Kristen Essig, the culinary mastermind and owner of Coquette, said it perfectly, “[she] wanted to do something that made [her] happy, and didn’t require wearing panty hose all day.” And this desire to do something she truly loved stemmed from the conversations around the dinner table. “Dinner was a thing for us, and you never missed it. But it was around the table I was able to hear my parents and how much they didn’t enjoy what they were doing. I came to the realization early that my parents did everything for my sister and I to provide for us, but they never really enjoyed what they were doing.”

And with that mindset, Essig found cooking. She’d spend the early part of her teenage years assisting her grandmother in the kitchen and peeling carrots for a family friend’s catering business. Upon graduating high school, Essig went to culinary school.

Not many 20 year olds get to say they have Emeril Delmonico’s phone number, but if it wasn’t for him, Essig would not have ended up in New Orleans. At an event in Charleston, South Carolina the two connected for the first time, and by the end of the night he had offered her a job as an assistant on his new cooking show.

“I didn’t take the job, T.V. cooking shows were not popular at that time and there was no way I could tell my mom I dropped out of school to go be on T.V.” After 2 years of culinary school, Essig felt as though she was learning more off premise than on, so she decided to stop college and start working in kitchens. However, she remembered the conversation she had with Emeril and called him asking for a job. Just like that she embarked on her new journey to New Orleans.

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In 2004, upon leaving professional kitchens, Essig found comfort working for Crescent City Farmers Market every Tuesday and Thursday. She managed 30 different small business, curating valuable relationships. I learned that, “These people needed money to afford braces and a college education for their children; the best part about that was creating relationships behind what you think is what you’re looking for, but what you are really looking for is the human connection.” To this day, Essig still maintains these relationships. “I think making sure there is a story and a connection behind a product is the most satisfying to me.” However, with every job there are highs and lows and not everything about the culinary world is buenisimo.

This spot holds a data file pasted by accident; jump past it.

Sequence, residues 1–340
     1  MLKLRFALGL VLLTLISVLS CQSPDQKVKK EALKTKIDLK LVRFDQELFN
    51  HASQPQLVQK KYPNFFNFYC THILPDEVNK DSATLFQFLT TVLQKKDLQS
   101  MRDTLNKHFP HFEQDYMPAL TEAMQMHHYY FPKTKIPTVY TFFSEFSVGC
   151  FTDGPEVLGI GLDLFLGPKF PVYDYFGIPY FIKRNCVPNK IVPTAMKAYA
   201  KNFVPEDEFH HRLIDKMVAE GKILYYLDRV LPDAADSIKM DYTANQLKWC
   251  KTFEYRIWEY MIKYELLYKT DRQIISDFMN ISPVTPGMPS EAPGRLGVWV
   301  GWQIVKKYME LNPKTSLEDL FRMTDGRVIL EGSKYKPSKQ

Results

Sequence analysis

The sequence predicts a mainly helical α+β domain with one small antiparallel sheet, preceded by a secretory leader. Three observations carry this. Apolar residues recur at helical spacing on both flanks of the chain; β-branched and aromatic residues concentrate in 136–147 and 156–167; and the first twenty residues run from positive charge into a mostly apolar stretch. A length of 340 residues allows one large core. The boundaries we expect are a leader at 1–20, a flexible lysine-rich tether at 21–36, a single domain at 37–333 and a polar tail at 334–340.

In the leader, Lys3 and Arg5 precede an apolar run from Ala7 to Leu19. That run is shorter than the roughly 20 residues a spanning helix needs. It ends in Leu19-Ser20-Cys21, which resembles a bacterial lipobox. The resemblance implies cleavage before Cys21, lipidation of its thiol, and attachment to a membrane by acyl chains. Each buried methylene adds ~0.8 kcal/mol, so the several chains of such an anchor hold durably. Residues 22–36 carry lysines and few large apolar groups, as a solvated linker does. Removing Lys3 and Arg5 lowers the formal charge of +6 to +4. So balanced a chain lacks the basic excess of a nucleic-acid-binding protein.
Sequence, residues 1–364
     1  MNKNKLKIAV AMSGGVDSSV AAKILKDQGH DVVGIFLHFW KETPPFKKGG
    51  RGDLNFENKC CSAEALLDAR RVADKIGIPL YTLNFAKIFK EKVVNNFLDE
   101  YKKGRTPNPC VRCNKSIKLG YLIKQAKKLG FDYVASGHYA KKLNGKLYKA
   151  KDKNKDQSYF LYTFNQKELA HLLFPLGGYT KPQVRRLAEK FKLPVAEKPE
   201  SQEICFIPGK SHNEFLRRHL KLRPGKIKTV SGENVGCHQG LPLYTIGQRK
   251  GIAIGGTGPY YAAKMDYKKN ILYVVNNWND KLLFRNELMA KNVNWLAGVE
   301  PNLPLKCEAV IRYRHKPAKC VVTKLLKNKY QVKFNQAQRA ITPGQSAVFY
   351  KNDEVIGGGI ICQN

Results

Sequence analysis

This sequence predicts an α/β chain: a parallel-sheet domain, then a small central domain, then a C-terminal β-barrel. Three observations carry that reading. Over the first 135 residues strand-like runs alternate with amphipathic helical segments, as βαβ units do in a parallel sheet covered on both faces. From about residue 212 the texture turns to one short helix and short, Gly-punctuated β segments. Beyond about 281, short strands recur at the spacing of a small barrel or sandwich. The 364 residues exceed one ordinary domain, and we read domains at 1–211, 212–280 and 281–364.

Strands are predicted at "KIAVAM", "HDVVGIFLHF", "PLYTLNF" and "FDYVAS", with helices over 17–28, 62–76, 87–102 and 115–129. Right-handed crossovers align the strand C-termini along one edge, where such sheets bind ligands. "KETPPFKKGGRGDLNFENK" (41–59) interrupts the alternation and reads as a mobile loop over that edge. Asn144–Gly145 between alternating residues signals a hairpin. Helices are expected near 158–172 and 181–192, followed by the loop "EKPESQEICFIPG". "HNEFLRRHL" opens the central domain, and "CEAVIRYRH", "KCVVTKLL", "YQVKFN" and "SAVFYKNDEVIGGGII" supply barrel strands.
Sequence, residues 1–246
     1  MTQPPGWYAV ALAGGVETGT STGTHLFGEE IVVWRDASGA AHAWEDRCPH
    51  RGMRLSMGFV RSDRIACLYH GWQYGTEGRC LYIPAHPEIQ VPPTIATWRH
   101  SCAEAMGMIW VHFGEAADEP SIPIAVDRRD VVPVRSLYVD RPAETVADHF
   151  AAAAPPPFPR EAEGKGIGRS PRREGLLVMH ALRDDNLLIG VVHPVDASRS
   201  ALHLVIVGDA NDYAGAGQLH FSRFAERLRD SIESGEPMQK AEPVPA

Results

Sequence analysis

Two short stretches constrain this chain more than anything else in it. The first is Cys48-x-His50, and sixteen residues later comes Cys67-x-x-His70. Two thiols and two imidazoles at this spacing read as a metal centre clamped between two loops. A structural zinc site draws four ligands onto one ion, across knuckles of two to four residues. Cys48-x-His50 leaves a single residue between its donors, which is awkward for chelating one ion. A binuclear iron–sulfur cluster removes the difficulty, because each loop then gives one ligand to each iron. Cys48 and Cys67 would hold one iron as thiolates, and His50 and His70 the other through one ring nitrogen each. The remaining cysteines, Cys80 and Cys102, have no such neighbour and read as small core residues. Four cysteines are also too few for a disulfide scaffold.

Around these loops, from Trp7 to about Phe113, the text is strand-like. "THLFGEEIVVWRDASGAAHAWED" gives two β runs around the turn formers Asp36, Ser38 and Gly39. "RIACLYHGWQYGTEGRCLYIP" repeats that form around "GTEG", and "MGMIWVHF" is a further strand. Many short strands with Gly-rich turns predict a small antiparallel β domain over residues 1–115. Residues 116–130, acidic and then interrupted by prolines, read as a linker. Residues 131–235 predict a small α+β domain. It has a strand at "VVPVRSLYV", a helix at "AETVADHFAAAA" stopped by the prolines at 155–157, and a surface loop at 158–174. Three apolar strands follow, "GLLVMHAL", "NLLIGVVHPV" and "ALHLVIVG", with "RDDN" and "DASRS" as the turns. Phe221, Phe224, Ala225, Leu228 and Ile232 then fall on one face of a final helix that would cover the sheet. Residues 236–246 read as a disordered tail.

For Essig, it’s the accumulated pressure she puts on herself. Although she is honored when people want to work with her because she is a female chef, it also can feel like a backhanded compliment. “I put a lot of pressure on myself for success, and it could be because it is difficult for most people to see past the fact that I am a woman; I wonder sometimes, are they bringing me here because I am a lady or because I am a chef.” Over the years working in and out of kitchens, Essig learned that is it is very easy to let the success of others dictate how one should feel and where one should be professionally.

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However, being able to prove yourself and live up to your own expectations is what truly matters. “It is very important to take care of yourself and determine your own self-worth, and determine what you are happy and proud of. “ That being said, Essig has truly proven herself as an influential chef in New Orleans. She has been awarded and named many prestigious titles, and if it wasn’t for the informal conversations around the dinner table, Essig wouldn’t be where she is today.

P.S. If you happen to visit Coquette, try the pan seared snapper, it’s her favorite!

PHOTOS: Maya Curto

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